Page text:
Panama leaks and the economy
Too much of a bad thing
Surely the N-league has enough brain power to realise that the uncertainty from the Panama leaks can damage not just the ruling party but also the country’s economy. In addition to the Mian family’s own business/financial acumen, there’s always the founder of Darnomics and, of course, Wharton grad Ahsan Iqbal. And it’s strange, to say the least, that they can erect fortunes out of nothing, introduce one economic novelty after another and present grand programs of prosperity (Vision 2020, etc), but they can’t see how their strategy of survival is in fact hastening their – and the economy’s – decline.
Investors avoid uncertainty like the plague. Much of the N-league knows it because the party is dominated by the monied industrial class. Yet in reacting to the Panama leaks incident, its only strategy seems dragging the build-up to the investigation as much as possible. True, that brings the election within sight, but it also paralyses the economy. Some say Nawaz will have to go; others say there’s no way he’s going; while another group says that the first family has contradicted each other so many times that it is already neck deep in trouble.
It bears remembering, of course, that the economy has just achieved an unimpressive 4-point-something percent GDP growth – far less than projected – and exports and taxes still contribute as little to the kitty as they did before the present electoral cycle. With the economy slow and the government’s survival in question, not many sharp investors would like to park their money in Pakistani markets. The state bank has tried to do its bit by slashing the interest rate to another record low. But this is not the first time they have taken such an unprecedented step; yet the benefits are yet to follow. Whatever easy money was available was easily gobbled by the government because of its addiction to borrowing. And now that the IMF program is over and the government needs to spend ahead of the budget, it’s not too hard to imagine where the increased solvency is likely to go. The leaks are clearly already harming the economy.
A dire need to review Afghan policy
Must not waste the opportunity
Those who make the country’s Afghan policy have been caught pants down. They had no explanation to offer when the otherwise elusive Mullah Mansour who leads Afghan Taliban was discovered and killed inside Balochistan on Saturday. A Pentagon spokesman owned the attack claiming several US army drones had attacked the vehicle carrying the Taliban chief in Dalbandin district, killing Mullah Mansour on the spot along with a Pakistani driver. Those guarding Pakistan’s frontiers too had nothing to say for a whole day regarding how the violation took place. One had expected that the Interior Minister would order an inquiry over how Mullah Mansour managed to acquire Pakistani passport and presumably ID card under another name. Ch Nisar too preferred to play possum. What one met with was silence for over twenty four hours on the part of the entire establishment, reminding one of what happened after the attack in Abbottabad that killed Bin Laden.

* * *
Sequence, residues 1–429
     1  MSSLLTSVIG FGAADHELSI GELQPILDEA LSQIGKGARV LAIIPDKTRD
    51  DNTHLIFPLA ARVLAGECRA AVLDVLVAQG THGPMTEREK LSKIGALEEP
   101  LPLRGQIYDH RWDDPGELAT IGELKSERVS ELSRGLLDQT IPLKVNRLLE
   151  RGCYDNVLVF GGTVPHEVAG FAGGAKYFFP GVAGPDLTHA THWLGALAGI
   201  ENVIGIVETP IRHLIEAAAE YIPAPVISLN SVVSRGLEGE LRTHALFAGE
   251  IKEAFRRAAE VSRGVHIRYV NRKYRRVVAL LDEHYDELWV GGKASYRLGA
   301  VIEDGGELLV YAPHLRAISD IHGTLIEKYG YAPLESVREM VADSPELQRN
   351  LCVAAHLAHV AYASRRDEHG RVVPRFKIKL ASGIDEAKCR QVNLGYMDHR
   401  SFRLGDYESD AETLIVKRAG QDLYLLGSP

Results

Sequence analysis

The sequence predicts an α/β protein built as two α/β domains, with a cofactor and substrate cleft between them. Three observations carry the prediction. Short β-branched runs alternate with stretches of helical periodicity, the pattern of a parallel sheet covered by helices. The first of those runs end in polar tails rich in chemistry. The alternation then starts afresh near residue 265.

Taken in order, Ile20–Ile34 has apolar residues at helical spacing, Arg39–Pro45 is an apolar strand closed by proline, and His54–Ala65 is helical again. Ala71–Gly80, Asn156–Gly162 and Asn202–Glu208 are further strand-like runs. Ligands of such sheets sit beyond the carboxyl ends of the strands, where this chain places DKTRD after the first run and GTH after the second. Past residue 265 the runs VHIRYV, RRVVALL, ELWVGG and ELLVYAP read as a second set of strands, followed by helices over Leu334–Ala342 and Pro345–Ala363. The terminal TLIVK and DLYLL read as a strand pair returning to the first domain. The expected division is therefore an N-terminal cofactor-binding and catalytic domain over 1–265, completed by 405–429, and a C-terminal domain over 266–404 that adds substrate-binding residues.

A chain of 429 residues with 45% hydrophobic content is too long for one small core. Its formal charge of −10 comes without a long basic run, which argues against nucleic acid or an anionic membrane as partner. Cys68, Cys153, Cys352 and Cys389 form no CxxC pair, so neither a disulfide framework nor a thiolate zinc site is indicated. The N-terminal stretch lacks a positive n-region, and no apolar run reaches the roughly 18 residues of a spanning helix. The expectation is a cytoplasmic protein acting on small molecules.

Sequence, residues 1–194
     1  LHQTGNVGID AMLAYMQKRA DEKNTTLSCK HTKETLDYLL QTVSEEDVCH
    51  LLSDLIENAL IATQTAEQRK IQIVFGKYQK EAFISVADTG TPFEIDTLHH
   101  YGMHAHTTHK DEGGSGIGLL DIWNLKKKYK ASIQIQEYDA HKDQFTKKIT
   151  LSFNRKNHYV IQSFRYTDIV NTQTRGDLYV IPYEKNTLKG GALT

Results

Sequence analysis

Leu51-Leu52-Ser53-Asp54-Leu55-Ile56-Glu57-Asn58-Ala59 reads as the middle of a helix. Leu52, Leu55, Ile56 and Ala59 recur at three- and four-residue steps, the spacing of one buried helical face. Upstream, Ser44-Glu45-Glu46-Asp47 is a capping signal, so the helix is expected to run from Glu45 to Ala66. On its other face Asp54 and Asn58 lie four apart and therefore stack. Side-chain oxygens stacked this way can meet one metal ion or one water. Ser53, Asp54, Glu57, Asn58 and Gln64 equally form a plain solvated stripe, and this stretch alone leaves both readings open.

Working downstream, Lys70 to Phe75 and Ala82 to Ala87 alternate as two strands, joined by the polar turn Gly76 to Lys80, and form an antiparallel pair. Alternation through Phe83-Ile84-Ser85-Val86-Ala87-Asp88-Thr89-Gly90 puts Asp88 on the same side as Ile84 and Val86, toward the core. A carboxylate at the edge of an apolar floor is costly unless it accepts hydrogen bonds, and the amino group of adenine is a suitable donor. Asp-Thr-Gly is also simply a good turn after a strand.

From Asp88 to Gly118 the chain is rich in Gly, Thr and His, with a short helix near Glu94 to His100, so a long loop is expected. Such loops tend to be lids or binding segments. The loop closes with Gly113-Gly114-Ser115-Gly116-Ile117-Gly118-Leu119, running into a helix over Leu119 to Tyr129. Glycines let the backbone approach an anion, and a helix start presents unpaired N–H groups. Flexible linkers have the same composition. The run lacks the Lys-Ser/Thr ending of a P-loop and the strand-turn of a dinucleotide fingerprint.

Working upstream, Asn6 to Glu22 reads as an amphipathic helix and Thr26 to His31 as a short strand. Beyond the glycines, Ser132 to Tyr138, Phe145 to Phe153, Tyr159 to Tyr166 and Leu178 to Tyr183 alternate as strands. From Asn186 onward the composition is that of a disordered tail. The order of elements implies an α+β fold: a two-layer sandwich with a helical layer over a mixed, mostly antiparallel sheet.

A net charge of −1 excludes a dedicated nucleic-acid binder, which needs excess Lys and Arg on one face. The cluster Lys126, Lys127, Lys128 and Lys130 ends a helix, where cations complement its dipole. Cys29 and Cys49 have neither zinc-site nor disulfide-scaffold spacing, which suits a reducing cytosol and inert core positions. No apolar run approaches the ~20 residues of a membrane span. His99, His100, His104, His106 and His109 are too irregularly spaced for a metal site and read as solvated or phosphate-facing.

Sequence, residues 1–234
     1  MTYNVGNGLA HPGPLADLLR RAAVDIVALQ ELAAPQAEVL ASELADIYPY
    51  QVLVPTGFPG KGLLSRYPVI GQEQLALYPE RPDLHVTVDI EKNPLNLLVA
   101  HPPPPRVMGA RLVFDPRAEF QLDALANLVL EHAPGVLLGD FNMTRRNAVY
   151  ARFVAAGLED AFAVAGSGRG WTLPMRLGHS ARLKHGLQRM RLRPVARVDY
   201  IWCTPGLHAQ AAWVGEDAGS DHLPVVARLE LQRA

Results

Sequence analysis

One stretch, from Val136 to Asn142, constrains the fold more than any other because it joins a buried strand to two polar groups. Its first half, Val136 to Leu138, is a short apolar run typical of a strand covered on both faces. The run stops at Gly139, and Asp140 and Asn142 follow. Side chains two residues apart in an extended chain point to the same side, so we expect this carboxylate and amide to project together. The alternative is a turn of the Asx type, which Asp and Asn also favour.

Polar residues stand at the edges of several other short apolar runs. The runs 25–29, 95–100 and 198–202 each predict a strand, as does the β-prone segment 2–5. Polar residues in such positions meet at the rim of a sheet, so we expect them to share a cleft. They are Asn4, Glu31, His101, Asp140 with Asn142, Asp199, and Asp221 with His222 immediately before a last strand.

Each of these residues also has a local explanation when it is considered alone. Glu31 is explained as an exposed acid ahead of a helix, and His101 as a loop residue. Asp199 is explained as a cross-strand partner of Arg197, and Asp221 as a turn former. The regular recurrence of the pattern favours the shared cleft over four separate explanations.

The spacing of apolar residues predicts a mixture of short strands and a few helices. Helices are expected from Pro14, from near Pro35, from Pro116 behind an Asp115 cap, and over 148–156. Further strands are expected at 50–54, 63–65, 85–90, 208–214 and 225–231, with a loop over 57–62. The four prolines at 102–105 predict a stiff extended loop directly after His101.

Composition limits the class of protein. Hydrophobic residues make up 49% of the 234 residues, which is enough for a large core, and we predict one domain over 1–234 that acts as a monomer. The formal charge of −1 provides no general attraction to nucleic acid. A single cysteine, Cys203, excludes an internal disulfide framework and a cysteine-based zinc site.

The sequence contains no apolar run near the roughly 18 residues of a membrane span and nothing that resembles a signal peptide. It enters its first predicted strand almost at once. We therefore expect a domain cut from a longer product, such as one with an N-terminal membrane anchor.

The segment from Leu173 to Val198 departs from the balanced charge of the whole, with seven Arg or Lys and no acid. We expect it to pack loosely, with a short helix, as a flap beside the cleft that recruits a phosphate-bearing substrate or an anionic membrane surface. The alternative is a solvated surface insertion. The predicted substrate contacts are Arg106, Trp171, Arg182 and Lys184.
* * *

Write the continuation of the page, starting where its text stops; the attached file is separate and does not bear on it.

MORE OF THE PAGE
The presence of Mullah Mansour in Baluchistan would provide an additional argument to those who claim that Pakistan’s officially stated policy towards Afghanistan is not the one that the country actually follows. It will also provide yet another handle to the critics in Washington who would oppose more vigorously any assistance being provided to Pakistan.
This is the first US drone attack in Baluchistan. The attack not only constitutes a violation of Pakistan’s sovereignty but also signals a new willingness on the part of the US to target senior Taliban leaders on Pakistan’s soil even if it leads to collateral damage as happened when the Taliban leader was targeted.
It is hoping against hope that those who formulate Afghan policy would ever learn from their costly blunders. The incident nevertheless provides them an opportunity to recast the policy. Afghan Taliban must be denied sanctuaries in Pakistan and told bluntly to hold talks with the legal government in Kabul. It is not a sane policy doing the same thing over and over again and hoping for different results.